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Chilliwack's Own Murdoch Mystery

posted by: The Royal Hotel Chilliwack on: October 16, 2018 01:24:50 PM

Constable David Murdoch was asked to resign from the Chilliwack City Police Department in November of 1928, just months after he was appointed to the position by the Police Commission.

Chilliwack Progress, Nov. 8, 1928

Previous to his arrival in Chilliwack, Murdoch had served in the Great War; spent time as member of the RCMP, The Manitoba Provincial Police Force and as a firefighter with the Vancouver Fire Department. He had an impressive resume and came with “worthy” recommendations and was “thoroughly qualified” to be Police Chief, as reported in the March 1, 1928 Chilliwack Progress.

After his departure from Chilliwack, Murdoch continued his policing career in Kelowna, where in 1929 he again took up the post of Police Chief in that city. Trouble followed Murdoch to Kelowna. In an August 1931 altercation with fellow police officer Archie McDonald, Chief Murdoch found himself at the bottom of a stairway. McDonald was subsequently charged with assault and found not guilty.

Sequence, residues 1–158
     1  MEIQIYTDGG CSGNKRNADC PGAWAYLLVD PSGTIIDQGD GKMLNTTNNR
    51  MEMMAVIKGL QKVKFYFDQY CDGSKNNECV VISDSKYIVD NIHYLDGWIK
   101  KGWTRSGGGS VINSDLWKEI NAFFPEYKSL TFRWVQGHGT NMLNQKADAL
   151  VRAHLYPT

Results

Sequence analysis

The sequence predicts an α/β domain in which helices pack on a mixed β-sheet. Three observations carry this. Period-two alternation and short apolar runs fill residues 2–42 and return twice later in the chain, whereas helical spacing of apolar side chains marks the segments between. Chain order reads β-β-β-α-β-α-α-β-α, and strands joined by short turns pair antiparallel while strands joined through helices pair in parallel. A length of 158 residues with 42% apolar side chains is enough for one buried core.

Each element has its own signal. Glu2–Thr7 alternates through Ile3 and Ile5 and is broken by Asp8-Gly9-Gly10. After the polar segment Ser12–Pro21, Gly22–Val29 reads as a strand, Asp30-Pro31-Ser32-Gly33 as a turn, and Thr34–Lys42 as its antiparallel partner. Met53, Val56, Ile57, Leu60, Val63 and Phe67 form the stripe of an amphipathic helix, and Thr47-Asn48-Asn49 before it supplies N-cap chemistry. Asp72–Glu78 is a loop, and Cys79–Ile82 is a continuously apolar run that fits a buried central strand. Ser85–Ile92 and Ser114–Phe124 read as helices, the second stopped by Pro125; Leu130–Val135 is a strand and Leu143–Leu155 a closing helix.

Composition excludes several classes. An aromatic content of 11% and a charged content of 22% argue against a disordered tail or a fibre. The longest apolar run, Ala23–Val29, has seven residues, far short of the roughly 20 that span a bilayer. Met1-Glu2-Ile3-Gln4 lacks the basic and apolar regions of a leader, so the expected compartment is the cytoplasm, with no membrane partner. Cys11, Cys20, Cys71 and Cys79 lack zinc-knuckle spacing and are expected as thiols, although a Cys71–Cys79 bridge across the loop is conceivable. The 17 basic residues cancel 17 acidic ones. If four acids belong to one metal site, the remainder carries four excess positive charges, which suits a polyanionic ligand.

Not sure what precipitated the confrontation between Murdoch and McDonald, but during a holiday visit to Chilliwack in December 1931; those who saw the former resident commented his behavior was at times “irrational”, maybe an indicator that Murdock was suffering with mental health issues.

During the afternoon of January 19, 1932, David Murdoch pulled out his gun and shot and killed police informant, Genevieve Nolan (aka Jean Nolan) outside the Lakeview Hotel (later renamed the Mayfair) in Kelowna’s city centre. Ironically, the Lakeview Hotel was built by Archie McDonald, fellow police constable whom he had a dust-up with in 1931. Immediately after murdering Nolan, Murdoch took off in search of his next victim, Archie McDonald. David Murdoch located McDonald at his Kelowna residence and killed him, as well.

Kelowna's Former Mayfair Hotel, where the murders took place.

Chilliwack Progress, Jan. 21, 1932

Murdoch was arrested shortly after committing the crimes and was charged with two counts of murder.

A jury found Murdoch not guilty, by reason of insanity in November, 1932 during his third trial. His first two trials had resulted in a hung jury. David Murdoch served his 25 years sentence at Colquitz Insane Asylum in Victoria.

Note: The name “Murdoch” also appears as “Murdock”, however I have chosen to use “Murdoch” as this is the spelling is used in court documents.
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